Universities have launched a campaign to try to tackle the confusion among students and their families over changes to tuition fees and grants.
There are growing fears that fees plans are too confusing
Student finance is to be radically overhauled in England in 2006.
But university chiefs have been concerned that the complex system of fees and financial support is not being understood by potential applicants.
The 'Payment by Degrees' campaign will emphasise that university courses will now become free at the point of entry.
Universities UK - which represents vice-chancellors - wants to send a more positive message to young people considering applying to university.
It is concerned that the debate over higher tuition fees has left many applicants confused.
The plan to increase fees for English universities to up to £3,000 per year prompted a backbench rebellion by Labour MPs, and was opposed by both opposition parties.
But universities fear that in the high-profile debate over tuition fees, the other changes, such as the introduction of repayment after graduation, have not been understood.
They are worried that a lack of clarity over fees could discourage potential applicants, particularly young people from less well-off families.
Part-time students also face uncertainty about funding changes, as at present they will face the fee hike, but without the benefit of being able to make repayments after graduation.
Geoffrey Copland, vice-chancellor of the University of Westminster, says there is evidence that many potential students are "not aware or only vaguely aware of the funding arrangements".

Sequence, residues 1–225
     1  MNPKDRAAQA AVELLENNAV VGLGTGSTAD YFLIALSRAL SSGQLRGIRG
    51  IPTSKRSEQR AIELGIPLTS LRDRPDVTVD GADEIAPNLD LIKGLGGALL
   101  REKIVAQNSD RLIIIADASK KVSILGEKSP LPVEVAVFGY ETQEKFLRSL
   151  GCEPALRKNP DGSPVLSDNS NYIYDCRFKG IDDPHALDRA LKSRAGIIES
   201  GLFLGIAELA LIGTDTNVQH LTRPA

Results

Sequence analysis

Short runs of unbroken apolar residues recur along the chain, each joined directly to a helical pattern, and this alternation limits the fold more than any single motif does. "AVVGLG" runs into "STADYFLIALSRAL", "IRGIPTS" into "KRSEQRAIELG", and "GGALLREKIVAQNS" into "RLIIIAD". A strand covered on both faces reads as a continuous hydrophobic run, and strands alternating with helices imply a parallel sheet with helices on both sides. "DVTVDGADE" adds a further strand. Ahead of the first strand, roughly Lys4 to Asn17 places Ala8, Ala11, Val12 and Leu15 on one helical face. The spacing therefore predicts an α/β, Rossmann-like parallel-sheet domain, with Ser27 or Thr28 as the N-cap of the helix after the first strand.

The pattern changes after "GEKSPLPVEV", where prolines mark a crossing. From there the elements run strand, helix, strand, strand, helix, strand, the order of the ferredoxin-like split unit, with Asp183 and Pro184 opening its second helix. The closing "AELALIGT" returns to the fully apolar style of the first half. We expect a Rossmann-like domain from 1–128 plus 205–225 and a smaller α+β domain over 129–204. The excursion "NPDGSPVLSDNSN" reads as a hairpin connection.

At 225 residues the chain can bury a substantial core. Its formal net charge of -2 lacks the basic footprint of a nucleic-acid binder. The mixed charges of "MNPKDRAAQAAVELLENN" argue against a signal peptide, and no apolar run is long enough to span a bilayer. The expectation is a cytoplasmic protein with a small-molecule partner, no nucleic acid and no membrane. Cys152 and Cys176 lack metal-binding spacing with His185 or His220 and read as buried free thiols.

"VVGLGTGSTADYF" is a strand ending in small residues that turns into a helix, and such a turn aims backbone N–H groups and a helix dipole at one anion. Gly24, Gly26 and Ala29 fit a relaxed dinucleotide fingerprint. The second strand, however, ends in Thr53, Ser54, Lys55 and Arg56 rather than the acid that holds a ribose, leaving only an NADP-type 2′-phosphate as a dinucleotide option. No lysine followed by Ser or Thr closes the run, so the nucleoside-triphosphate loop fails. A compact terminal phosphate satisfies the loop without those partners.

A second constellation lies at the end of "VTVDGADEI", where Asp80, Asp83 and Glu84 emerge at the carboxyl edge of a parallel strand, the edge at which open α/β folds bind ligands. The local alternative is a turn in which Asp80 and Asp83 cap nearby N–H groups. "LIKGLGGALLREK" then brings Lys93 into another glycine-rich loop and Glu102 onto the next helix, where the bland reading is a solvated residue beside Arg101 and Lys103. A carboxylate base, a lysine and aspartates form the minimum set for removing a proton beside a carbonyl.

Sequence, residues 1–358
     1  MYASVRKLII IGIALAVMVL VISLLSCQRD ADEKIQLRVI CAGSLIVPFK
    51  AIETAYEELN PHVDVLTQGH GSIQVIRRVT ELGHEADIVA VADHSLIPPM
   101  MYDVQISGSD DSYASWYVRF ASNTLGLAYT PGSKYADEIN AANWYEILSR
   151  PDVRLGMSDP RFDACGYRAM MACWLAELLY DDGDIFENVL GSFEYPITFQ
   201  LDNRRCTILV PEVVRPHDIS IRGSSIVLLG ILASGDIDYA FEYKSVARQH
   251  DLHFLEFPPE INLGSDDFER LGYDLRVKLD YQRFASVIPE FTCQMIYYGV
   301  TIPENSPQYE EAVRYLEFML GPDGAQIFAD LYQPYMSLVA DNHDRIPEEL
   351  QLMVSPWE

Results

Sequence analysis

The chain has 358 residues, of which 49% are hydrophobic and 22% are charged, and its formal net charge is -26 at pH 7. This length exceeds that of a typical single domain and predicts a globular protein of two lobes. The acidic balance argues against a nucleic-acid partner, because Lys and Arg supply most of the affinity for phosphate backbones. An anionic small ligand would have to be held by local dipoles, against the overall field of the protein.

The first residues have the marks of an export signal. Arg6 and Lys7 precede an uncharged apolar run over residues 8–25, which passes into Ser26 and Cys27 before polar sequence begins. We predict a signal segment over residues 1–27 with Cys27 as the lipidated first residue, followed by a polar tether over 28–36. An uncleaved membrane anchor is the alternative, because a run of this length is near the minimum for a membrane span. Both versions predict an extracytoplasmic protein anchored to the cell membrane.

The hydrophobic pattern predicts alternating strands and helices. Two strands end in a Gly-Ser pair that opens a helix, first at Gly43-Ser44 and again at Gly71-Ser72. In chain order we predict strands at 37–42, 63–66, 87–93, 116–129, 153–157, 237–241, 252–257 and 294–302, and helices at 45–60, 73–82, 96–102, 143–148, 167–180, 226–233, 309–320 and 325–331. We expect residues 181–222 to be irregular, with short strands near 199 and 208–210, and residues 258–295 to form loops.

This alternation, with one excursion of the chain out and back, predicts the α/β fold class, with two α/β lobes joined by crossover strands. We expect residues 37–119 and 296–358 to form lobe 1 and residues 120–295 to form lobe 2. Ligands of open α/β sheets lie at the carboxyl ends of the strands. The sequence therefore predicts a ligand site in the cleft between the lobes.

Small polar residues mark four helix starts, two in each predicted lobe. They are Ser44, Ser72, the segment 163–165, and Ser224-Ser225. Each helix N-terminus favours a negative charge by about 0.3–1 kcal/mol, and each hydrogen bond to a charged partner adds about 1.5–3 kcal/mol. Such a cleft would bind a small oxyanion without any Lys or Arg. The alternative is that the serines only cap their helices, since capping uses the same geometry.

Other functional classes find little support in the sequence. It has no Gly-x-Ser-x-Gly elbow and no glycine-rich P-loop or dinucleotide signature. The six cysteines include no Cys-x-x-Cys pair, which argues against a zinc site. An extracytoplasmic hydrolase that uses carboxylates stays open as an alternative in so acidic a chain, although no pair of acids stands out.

In response to universities' concerns, a spokesperson for Education Secretary Ruth Kelly said: "Our commitment to expand access to higher education is evident in scrapping up-front fees and the re-introduction of targeted maintenance grants.
"The government has already spent £1.6m on publicity for the new system but clearly more needs to be done. Opponents of the system need to reflect carefully on whether the scare tactics used during the debate are now putting poorer students off."
Universities UK is setting up a website designed to explain in plain English the student finance changes for next year - and is working with universities to promote the message that students will be receiving more financial support, as well as paying higher fees.
Last month the universities called on the Higher Education Minister, Bill Rammell, to make tackling confusion over student funding a priority.
Responding on Tuesday to the launch of the campaign, Mr Rammell said the government had "made some progress in getting the message across" and he promised spending on television advertising to inform students.
With the summer holidays approaching, universities face a tight timetable to get their message across to young people, who will begin the university application process in the autumn.
Among the concerns are that the language surrounding student finance is baffling youngsters and their families - with terms such as "top-up fees", "tuition fees", "variable fees" and "deferred fees" all used to describe what students pay to go to university.
The universities want to send the message about increased financial support, but the multi-layered and means-tested combinations of loans, grants and bursaries has also not been seen as being clear enough.